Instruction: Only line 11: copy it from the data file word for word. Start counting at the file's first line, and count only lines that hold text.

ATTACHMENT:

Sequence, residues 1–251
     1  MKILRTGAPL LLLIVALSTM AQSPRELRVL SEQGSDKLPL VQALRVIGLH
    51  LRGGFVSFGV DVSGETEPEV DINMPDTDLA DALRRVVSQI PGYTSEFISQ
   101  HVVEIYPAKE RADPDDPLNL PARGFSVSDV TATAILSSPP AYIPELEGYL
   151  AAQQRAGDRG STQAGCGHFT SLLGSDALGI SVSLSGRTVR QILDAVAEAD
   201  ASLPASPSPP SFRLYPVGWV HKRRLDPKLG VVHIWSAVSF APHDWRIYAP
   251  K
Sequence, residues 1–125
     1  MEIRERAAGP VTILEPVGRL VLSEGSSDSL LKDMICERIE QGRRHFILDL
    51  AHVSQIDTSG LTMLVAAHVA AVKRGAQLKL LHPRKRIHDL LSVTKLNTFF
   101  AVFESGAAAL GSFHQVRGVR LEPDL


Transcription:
   101  AVFESGAAAL GSFHQVRGVR LEPDL